Though there were a few crowd-pleasing big-hitters on the docket at this tasting, the night really belonged to the lesser known names. Why? Because this was about rediscovering champagne, reimagining the experience – not building high expectations of enterprises with colossal marketing budgets.

Long live Champagne.

Justerini & Brooks, 250th Anniversary Cuvee, Extra Dry, NV – £45.35 (1.5l)
The night started with Justerini & Brooks own 250th Anniversary Cuvee, an Extra Dry NV made entirely from Pinot Noir grapes. Served out of magnums, this was acceptable palate preparation, but ultimately unremarkable. A nightclub would be the perfect place for consumption – it refreshed extremely well, as is the case with most Extra Drys, but receded very quickly.

Ruinart, Blanc de Blanc, NV – £55.03 (75cl)
The next Champagne is one of my personal favourites, from the ancient house of Ruinart. Ruinart is an oddity in LVMH’s stable, partly because it was kept away from mass retail and promotionally confined to on-trade environments like restaurants and bars. Now, however, Ruinart is fast becoming a household name, thanks in particular to the 100 per cent Chardonnay Blanc de Blanc, which some consider the most honest expression of the house. A decade ago, this crisp, reliable would have been recherche – now it is one of the most ubiquitous entries on the wine lists of the world. At this price point, you cannot find a better Blanc de Blanc.

Diebolt-Vallois, Cuvee Prestige, Grand Cru, Blanc de Blancs, Brut, NV- £32.43 (75cl)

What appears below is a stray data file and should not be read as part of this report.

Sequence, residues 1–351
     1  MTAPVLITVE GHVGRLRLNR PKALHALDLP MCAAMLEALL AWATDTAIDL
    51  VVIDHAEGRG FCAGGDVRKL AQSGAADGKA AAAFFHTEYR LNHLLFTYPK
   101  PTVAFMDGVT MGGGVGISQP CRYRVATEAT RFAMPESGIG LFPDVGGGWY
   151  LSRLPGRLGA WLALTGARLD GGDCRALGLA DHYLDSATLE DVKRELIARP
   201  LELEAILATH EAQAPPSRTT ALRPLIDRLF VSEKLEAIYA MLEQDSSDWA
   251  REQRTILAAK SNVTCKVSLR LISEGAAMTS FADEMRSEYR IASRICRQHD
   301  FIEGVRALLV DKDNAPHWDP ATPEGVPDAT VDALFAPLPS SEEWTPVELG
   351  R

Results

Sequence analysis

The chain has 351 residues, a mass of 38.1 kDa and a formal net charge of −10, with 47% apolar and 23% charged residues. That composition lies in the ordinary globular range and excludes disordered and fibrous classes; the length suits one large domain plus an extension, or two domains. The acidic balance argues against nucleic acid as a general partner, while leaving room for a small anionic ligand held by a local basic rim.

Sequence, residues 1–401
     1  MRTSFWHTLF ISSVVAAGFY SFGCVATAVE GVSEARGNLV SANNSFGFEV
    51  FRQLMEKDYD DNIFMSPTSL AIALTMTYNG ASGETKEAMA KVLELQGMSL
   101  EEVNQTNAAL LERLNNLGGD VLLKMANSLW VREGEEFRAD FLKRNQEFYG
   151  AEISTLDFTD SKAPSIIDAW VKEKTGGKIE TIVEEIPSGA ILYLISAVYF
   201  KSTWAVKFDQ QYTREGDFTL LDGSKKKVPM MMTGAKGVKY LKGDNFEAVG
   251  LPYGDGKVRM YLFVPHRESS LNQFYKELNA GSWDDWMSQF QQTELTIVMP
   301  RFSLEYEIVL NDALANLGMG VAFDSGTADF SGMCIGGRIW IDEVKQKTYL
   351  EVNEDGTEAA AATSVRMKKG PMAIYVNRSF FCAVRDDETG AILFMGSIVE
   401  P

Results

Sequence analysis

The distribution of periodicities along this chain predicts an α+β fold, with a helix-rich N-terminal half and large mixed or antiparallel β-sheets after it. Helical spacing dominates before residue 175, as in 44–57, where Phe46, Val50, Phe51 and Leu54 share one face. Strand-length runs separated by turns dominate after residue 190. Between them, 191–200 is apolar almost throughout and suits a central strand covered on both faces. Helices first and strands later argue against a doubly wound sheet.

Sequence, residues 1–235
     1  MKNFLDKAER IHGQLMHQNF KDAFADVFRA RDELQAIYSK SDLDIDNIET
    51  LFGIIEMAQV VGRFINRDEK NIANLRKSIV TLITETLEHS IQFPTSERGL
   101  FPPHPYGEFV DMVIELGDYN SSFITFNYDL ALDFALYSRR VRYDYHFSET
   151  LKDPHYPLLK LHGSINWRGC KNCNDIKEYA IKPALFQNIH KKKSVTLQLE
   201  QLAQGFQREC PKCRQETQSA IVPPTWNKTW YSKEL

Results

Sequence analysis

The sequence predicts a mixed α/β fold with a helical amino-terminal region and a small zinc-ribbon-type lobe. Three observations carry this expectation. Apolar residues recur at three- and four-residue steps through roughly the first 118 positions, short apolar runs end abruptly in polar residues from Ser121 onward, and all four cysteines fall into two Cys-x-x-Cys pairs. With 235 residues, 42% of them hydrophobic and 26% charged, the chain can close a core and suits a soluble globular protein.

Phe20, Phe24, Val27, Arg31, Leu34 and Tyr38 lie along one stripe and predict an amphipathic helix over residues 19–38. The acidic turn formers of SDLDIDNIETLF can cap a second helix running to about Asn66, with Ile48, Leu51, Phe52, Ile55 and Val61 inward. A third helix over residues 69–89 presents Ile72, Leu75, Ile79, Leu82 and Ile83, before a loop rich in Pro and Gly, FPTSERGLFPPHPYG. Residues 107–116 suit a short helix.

The following Champagne was another Blanc de Blancs, this time from a comparatively less ancient grower estate, Diebolt-Vallois, which was established towards the end of the 20th century. Unlike Ruinart’s chalky, minimalist expression, this was a spicy, perfumed interpretation which was more redolent of finer prosecco than champagne – not something I was moved by. Whilst it might have been the most affordable of all the Champagnes tasted, it was also the most forgettable.

Bollinger La Grande Annee, 2007 – £69.33 (75cl)
The third Champagne saw the introduction of a true heavyweight of premium Champagne: Bollinger Grande Annee 2007 vintage. Bollinger is most commonly known as the Champagne favoured by James Bond and the Queen. The standard NV is very drinkable and widely available, but the Grande Annee is the house’s Prestige Cuvee. One of the finest parts of drinking it is the nose; the smell of freshly popped toast smothered in butter wafting from the kitchen as you carefully descend the stairs after a heavy night on cheap vodka. The vintage really comes into its powers when the finish elongates, with strong notes of honey and hints of aged lemon. This is one of the best value vintage Champagnes money can buy.